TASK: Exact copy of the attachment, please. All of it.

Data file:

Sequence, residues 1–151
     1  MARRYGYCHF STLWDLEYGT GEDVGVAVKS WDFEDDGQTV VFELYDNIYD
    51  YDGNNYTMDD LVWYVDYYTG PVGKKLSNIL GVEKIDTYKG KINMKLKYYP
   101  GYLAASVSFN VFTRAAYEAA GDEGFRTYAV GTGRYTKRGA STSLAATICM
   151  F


Sequence, residues 1–151
     1  MARRYGYCHF STLWDLEYGT GEDVGVAVKS WDFEDDGQTV VFELYDNIYD
    51  YDGNNYTMDD LVWYVDYYTG PVGKKLSNIL GVEKIDTYKG KINMKLKYYP
   101  GYLAASVSFN VFTRAAYEAA GDEGFRTYAV GTGRYTKRGA STSLAATICM
   151  F